thereby resulting in bottlenecks. meaning that inventory gets pushed though the production process based on the production schedule.  Impact of Pull-Production on Production Planning Most private manufacturing companies in Vietnam are using a centrally planned system whereby the Production Planning Manager develops a production schedule and allocates orders to workstations in batches. In a push-based system. a direct handoff and immediate usage by the downstream worker/team will help ensure that the upstream worker/team takes full responsibility to only produce items which will be accepted by the downstream worker/team. a key element of the pull-based system is that. the plan is primarily used for the following: planning capacity requirements. including changes to the configuration of production lines or cells. with the exception of production leveling. Conversely.not even know which worker or team produced particular items. the allocation and flow of work on the factory floor is determined based on demand on the factory floor and not based on a production schedule or centrally planned production allocation system. it is more likely to make a defective product or not produce exactly to customer specifications. excess inventory. planning labor requirements. The Materials Requirements Planning (MRP) module of most Enterprise Resource Planning (ERP) systems operates on this basis. low likelihood of being able to produce on a continuous flow basis. there are some cases inventory is essential for ensuring smooth production and therefore certain kinds of inventory should be maintained at a managed level to ensure that no disruption occurs. he/she may allocate too much or too little work to different teams and workstations. In contrast. smoothing the flow of orders to the factory floor 10 | P a g e . if the production forecasting systems is not accurate (which is often the case for Vietnamese manufacturing companies) or the Production Planning Manager doesn t have perfect information about production status and demand at each stage of the production process or doesn t have effective tools for analyzing this (which is also often the case at Vietnamese manufacturing companies). However. This is a push-based system. and inefficient use of resources in general. When there is less accountability by the upstream worker/team. Although lean manufacturing companies still have a production plan. as mentioned in the previous section.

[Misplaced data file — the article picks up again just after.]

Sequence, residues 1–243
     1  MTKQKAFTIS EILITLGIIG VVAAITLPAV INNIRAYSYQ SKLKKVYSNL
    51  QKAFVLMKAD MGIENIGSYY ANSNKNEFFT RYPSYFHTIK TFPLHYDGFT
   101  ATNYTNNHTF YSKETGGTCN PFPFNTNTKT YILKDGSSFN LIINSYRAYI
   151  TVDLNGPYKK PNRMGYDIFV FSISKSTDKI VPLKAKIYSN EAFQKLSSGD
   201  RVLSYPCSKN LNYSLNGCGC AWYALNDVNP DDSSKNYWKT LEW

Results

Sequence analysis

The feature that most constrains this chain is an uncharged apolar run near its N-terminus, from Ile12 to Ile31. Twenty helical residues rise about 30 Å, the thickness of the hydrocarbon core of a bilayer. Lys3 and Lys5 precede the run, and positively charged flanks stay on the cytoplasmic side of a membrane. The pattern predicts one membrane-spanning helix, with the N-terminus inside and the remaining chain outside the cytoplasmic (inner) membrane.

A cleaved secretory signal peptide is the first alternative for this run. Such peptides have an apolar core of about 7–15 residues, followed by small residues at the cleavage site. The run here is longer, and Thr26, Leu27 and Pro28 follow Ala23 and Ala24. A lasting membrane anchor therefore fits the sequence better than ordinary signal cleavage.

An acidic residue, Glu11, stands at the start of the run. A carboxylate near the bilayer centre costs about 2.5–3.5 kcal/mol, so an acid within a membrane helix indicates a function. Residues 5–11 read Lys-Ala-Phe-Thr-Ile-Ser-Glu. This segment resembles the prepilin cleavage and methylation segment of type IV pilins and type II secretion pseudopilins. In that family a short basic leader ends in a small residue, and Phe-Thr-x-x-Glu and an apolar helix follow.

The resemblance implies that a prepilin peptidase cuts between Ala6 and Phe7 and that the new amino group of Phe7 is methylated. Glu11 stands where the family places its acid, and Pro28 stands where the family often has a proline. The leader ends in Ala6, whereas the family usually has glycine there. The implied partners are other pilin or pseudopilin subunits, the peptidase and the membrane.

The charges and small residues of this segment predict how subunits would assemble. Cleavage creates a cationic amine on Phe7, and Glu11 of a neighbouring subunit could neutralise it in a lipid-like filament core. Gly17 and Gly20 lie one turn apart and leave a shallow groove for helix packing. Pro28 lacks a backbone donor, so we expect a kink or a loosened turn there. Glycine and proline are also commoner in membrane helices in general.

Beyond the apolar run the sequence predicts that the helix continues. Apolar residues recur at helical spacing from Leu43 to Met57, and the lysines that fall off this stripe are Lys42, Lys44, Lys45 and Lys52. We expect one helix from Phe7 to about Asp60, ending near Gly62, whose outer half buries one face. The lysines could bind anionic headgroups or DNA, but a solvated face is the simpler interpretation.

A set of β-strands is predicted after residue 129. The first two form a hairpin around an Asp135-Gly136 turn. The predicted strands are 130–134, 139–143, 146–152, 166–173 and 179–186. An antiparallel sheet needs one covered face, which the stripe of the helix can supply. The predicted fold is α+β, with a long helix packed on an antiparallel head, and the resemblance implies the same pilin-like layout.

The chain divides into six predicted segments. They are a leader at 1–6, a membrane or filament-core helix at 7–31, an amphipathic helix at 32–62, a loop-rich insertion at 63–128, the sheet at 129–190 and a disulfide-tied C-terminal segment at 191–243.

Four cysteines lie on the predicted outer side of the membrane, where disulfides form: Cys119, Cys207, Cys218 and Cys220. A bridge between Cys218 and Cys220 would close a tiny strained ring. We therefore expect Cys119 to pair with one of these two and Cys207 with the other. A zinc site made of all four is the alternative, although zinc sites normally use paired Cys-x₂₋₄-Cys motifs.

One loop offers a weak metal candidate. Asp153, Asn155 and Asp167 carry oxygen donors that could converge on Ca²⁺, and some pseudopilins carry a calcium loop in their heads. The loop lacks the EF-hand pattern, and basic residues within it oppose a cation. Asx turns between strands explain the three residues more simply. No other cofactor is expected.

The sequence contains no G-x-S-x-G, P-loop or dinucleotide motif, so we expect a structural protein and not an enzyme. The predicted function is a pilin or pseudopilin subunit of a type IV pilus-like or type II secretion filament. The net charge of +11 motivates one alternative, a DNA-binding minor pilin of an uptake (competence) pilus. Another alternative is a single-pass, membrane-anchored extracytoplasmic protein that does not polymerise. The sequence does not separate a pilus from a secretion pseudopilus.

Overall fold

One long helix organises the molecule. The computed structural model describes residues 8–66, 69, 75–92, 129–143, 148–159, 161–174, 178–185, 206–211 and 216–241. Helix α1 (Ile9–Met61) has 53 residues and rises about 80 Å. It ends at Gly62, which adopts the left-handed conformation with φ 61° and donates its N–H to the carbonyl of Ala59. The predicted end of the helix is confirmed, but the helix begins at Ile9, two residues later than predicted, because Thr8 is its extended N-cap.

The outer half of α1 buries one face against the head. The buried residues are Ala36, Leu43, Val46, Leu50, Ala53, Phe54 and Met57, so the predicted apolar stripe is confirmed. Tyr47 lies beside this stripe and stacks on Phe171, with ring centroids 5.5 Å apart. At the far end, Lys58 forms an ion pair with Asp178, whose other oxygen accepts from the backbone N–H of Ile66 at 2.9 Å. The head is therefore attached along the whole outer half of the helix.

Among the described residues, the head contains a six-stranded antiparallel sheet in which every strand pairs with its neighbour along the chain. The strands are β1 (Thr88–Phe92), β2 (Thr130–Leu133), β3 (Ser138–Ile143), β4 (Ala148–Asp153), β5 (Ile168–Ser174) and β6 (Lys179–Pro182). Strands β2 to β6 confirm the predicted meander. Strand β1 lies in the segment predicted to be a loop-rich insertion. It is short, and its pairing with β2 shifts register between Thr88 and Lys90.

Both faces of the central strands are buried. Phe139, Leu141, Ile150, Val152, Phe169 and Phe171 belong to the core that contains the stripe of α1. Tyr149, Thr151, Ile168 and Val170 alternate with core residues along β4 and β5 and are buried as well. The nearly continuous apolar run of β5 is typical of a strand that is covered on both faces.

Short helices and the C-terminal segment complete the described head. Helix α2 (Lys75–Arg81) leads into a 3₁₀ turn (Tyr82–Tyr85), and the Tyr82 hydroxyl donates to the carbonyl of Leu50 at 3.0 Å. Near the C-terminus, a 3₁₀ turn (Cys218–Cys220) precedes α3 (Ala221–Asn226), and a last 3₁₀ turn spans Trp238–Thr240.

a U. largely by assigning responsibility to workers. and preferably a systematic process for ensuring continuous improvement. implemented Lean Manufacturing. Kaizen is a Japanese term for continuous improvement .e.S. lead times were reduced from 12 weeks to 1 week  Continuous Improvement / Kaizen A company can never be perfectly efficient. Continuous Flow may require a redesign of the production layout away from groups of similar workstations located near each other and towards highly integrated production lines in which semi-finished products can move as quickly and easily as possible from one production stage to the next. implemented lean manufacturing. When Simms Fishing Products. based manufacturer of high-end wood furniture. to identify opportunities for improvement  Worker Involvement In Lean Manufacturing. Continuous flow eliminates waiting time for works-in-progress. The focus of continuous improvement should be on identifying the root causes of non value-added activities and eliminating those by improving the production process. workers are assigned clear responsibility to identify sources of non value-added activities and to propose solutions to those Manufacturer s typically believe 11 | P a g e . equipment or workers. Continuous Flow Continuous flow is the linking of manual and machine operations into a perfectly smooth flow in which works-in-progress are continuously undergoing some form of processing and never become stagnant waiting to be processed.S. a U. the total time from the start to the finish of the production process) fell from 17 days to 2-3 days When Woodland Furniture Company. A main theme of Kaizen is to create a culture of continuous improvement. their production throughout (i. In Continuous Flow. whereby the company constantly searches for non value-added activities and ways to eliminate those. Lean Manufacturing requires a commitment to continuous improvement. based manufacturer of garments used by fishermen. and encouraging them. with an emphasis on small incremental improvements. the ideal is one-piece flow or small batches which can be processed with virtually no waiting time between production stages.